It doesn’t happen often, but today a trio of women my age travelling on the electric street car which runs from Hiroshima Station past Hiroshima Peace Memorial park overcome their shyness and speak to me.
Where am I from? How long have I been in Japan? Am I alone? When I say yes to this question they chorus in collective surprise. Eeeehhhh? Why have I come to Hiroshima?
To visit the Peace Memorial Park and Museum.
They solemnly consider the answer. But the limit of our fluency in each other’s languages has expired, and I have arrived at my stop.
As is usual in Japan, the approach to the park is indirect and the A-Dome though palpably present, not yet visible. I round the corner and there it stands, this relic bearing witness to that moment which took warfare into the Atomic Age.
On the sidewalk alongside the river a few elderly people are seated on collapsible chairs. Propped beside them are signs indicating that they survived the bombing, inviting visitors to speak with them.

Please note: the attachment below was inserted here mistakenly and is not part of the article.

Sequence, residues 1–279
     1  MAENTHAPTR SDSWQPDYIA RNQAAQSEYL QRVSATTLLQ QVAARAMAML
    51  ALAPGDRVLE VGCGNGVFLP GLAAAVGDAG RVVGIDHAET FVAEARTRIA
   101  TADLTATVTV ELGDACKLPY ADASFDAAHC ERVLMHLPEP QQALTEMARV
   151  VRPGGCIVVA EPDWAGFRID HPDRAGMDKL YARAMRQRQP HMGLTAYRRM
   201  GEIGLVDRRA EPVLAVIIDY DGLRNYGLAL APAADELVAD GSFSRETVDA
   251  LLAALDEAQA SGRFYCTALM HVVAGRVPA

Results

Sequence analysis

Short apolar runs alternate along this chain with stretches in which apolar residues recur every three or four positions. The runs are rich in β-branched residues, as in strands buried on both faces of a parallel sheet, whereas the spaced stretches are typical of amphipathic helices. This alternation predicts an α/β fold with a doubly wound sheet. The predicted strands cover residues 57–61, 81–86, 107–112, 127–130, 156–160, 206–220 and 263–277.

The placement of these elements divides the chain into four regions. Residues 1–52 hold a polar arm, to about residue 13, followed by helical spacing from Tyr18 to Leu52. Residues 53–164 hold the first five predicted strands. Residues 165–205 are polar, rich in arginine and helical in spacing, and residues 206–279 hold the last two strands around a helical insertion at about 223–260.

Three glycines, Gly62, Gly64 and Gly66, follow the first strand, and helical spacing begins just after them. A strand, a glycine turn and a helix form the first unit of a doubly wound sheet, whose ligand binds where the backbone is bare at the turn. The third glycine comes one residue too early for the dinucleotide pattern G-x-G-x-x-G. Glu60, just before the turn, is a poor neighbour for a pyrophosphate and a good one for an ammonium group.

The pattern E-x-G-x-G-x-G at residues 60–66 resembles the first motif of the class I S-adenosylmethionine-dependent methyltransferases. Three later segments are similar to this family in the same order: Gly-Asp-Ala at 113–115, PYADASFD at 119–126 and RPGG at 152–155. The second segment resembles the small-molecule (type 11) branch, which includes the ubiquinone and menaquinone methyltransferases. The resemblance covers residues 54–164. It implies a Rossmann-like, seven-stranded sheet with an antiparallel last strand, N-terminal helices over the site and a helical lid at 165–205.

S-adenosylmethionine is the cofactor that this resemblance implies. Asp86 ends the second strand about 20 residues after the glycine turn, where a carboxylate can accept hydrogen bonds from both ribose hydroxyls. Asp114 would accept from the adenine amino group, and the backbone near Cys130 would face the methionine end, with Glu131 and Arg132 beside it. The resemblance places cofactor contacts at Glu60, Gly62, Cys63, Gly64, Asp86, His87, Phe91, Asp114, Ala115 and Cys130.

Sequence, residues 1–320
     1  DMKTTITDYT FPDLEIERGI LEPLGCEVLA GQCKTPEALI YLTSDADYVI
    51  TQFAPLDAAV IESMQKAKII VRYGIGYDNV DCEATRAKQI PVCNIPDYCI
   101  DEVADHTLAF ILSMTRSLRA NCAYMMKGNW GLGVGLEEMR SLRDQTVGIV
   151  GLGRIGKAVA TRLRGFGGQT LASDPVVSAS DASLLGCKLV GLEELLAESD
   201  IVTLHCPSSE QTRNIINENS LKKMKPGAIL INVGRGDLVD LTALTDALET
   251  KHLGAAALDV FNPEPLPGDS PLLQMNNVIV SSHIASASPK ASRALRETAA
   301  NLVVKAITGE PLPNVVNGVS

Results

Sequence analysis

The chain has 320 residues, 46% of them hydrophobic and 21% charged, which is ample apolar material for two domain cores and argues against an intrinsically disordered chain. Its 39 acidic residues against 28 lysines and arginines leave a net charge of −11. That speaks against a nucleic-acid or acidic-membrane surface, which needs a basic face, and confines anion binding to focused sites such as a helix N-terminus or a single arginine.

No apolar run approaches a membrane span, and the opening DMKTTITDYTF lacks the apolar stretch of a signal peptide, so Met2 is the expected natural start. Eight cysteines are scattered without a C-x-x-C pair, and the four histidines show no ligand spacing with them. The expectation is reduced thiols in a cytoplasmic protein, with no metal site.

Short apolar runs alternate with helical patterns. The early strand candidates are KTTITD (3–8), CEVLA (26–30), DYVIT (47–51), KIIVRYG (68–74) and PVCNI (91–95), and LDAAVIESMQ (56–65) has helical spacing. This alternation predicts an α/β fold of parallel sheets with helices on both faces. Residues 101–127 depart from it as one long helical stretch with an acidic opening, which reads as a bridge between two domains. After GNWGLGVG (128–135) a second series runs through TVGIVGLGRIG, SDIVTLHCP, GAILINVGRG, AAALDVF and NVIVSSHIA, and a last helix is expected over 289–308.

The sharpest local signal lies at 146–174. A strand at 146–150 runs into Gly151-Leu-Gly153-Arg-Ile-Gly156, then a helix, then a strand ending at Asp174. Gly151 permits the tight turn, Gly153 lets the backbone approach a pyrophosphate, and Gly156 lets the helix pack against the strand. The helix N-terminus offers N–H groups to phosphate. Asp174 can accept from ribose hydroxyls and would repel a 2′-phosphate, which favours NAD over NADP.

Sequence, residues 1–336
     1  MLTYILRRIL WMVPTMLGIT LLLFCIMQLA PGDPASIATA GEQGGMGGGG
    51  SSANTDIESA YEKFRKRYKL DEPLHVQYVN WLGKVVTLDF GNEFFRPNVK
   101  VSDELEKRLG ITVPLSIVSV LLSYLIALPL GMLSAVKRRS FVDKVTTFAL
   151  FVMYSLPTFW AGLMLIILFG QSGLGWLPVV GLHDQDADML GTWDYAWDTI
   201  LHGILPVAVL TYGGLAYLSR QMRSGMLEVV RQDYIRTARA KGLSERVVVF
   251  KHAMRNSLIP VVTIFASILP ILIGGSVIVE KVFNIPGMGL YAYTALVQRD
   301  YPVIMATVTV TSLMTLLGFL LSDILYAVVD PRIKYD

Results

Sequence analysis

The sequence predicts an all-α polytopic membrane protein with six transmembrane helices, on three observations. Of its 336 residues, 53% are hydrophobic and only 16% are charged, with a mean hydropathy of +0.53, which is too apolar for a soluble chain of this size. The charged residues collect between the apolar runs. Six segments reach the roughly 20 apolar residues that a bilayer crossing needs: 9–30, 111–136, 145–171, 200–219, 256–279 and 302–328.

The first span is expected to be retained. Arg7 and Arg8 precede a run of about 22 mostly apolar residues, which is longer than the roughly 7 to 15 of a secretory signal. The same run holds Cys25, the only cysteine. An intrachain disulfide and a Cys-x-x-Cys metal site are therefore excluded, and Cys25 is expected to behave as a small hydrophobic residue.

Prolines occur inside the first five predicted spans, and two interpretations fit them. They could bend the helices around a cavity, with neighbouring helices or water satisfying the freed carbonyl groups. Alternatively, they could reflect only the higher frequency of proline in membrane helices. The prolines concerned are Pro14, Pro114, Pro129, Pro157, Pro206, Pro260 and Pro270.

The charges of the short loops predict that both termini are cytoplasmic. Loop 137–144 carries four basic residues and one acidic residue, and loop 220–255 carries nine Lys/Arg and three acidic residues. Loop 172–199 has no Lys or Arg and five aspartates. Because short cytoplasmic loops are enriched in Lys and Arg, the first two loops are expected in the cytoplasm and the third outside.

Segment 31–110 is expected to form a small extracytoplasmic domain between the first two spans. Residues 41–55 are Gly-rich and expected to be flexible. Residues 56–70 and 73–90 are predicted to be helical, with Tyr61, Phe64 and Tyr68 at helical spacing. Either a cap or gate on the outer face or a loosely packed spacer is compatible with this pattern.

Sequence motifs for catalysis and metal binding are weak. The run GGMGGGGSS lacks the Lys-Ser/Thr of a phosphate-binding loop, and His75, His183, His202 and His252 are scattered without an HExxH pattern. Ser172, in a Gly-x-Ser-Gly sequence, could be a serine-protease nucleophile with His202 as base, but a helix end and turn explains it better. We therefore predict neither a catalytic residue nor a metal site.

I don’t stop. Today I don’t want words.
The park is a vast area with numerous memorials of various kinds. What strikes me first is the serenity and harmony of the landscape: mature trees, vast tracts of lawn, flowing water, sculptures, fountains.
Crickets stridulate loudly. The heat of summer past has scorched some of the lawn in large black patches—like a scar.
Anyone who was not taught what happened here would never know.
Within the museum itself, though the rooms are crowded, people are eerily silent. The humblest artifacts of that day speak the loudest. A burnt child’s bicycle, broken eyeglasses, stopped watches, notebooks, letters, charred utensils of daily living, tattered scraps of clothing. Kannon the Goddess of Mercy reaches out to bless with severed arms. A bronze Buddha half melted away sits as he always has with defiant equanimity. These objects move me more than the scale models or footage or recordings which detail what happened.
This is the human and spiritual face of war (no matter whose war when or where) which remains quite outside ever-shifting alliances, bombastic speeches, parades or insidious propaganda.
In this place ordinary people (through no fault of their own but the accident of their birth) were in the wrong place at the wrong time on the wrong day. Words fail. To them I offer my silence—an inadequate tribute—and pay my sincere respects.